Drop in expat workers may hit Kuwait’s economy hard, says National Assembly committee

Authorities have not yet set a quota for the proposal, but one of the seven proposals submitted by members of parliament called to set a percentage for each migrant community in the country. (File/AFP)
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Updated 17 August 2020

Drop in expat workers may hit Kuwait’s economy hard, says National Assembly committee

  • The committee has been studying several plans submitted by members of parliament and the government to lower the number of expats in the country

DUBAI: A sudden drop in the number of expats living in Kuwait may have negative impacts on the country’s economy, the National Assembly’s human resources committee said.

The reduction will diminish the market’s purchasing power, affect the real estate and private educations markets, and hit hard the labor market, as the private sector highly depends on expat employees, local daily Kuwait Times reported on Sunday.

The committee has been studying several plans submitted by members of parliament and the government to lower the number of expats in the country.

Authorities have not yet set a quota for the proposal, but one of the seven proposals submitted by members of parliament called to set a percentage for each migrant community in the country.

The Kuwaiti government’s plan also callto replace about 160,000 expats working in the public sector with nationals, but did not provide a timeframe.

The proposal also suggests that about 370,000 expats who show a “negative impact” on the country or are illegal residents can be dismissed by taking short-term measures.


Japan’s capital sees prices fall most in over 8 years as COVID-19 pain persists

Updated 24 min 48 sec ago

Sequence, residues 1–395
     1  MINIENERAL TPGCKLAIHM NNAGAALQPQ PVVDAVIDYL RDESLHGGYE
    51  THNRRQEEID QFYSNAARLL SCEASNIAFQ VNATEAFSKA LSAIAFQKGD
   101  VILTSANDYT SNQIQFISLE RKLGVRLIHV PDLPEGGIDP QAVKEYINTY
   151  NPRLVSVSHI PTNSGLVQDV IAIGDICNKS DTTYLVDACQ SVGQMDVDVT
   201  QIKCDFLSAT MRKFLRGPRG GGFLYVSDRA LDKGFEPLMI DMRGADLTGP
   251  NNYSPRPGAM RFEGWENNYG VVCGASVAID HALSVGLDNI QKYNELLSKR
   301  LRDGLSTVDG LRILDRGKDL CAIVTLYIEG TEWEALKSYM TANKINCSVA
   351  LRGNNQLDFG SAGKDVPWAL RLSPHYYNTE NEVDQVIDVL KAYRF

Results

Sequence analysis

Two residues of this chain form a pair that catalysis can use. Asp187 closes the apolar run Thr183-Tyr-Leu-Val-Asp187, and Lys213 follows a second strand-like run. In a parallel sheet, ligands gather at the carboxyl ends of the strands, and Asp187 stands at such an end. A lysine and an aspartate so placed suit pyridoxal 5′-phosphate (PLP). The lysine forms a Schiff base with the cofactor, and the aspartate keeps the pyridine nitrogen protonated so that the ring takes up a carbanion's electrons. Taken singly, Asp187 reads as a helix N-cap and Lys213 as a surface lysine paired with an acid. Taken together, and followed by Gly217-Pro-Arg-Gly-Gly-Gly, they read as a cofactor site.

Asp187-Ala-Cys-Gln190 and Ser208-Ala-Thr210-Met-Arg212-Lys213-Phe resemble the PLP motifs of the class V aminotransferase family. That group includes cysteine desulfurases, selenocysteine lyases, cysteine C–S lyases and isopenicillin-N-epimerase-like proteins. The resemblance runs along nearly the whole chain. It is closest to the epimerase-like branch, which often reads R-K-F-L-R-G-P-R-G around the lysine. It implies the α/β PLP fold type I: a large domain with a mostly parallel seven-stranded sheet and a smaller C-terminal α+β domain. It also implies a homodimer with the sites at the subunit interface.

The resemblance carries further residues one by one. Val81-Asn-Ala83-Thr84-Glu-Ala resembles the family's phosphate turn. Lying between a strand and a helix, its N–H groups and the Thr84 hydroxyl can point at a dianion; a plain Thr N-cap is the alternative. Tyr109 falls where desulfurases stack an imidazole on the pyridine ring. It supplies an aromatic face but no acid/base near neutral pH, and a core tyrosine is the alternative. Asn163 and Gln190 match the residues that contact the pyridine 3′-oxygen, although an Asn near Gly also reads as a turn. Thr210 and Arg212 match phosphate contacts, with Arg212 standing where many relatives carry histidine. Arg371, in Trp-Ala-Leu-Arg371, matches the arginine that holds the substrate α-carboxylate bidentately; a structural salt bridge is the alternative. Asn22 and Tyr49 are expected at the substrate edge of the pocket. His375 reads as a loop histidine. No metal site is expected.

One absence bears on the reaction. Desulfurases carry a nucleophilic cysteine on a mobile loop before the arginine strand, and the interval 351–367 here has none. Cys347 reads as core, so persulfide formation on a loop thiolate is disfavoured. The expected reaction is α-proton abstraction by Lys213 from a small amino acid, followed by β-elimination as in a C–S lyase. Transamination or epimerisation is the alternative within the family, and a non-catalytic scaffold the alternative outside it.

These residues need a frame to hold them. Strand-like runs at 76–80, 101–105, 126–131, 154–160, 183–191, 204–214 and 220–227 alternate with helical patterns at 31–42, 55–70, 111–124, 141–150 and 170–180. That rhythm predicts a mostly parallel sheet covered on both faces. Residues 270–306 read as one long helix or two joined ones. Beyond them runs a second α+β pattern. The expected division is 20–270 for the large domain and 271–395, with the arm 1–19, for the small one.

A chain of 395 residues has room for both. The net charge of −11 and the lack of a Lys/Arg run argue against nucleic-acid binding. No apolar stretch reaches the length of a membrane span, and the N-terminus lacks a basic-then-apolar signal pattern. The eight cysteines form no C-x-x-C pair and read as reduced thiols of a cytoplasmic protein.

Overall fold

Japan’s capital sees prices fall most in over 8 years as COVID-19 pain persists

  • Tokyo core CPI marks biggest annual drop since May 2012
  • Data suggests nationwide consumer prices to stay weak
* Nov Tokyo core CPI -0.7% yr/yr, matches forecast
* Tokyo core CPI marks biggest annual drop since May 2012
* Data suggests nationwide consumer prices to stay weak (Adds analyst quote, background)
By Leika Kihara
TOKYO, Nov 27 : Core consumer prices in Tokyo suffered their biggest annual drop in more than eight years, data showed on Friday, an indication the hit to consumption from the coronavirus crisis continued to heap deflationary pressure on the economy.
The data, which is considered a leading indicator of nationwide price trends, reinforces market expectations that inflation will remain distant from the Bank of Japan’s 2% target for the foreseeable future.
“Consumer prices will continue to hover on a weak note as any economic recovery will be moderate,” said Dai-ichi Life Research Institute, which expects nationwide core consumer prices to fall 0.5% in the fiscal year ending March 2021.
The core consumer price index (CPI) for Japan’s capital, which includes oil products but excludes fresh food prices, fell 0.7% in November from a year earlier, government data showed, matching a median market forecast.
It followed a 0.5% drop in October and marked the biggest annual drop since May 2012, underscoring the challenge policymakers face in battling headwinds to growth from COVID-19.
The slump in fuel costs and the impact of a government campaign offering discounts to domestic travel weighed on Tokyo consumer prices, the data showed.
Japan’s economy expanded in July-September from a record post-war slump in the second quarter, when lockdown measures to prevent the spread of the virus cooled consumption and paralyzed business activity.
Analysts, however, expect any recovery to be modest with a resurgence in global and domestic infections clouding the outlook, keeping pressure on policymakers to maintain or even ramp up stimulus.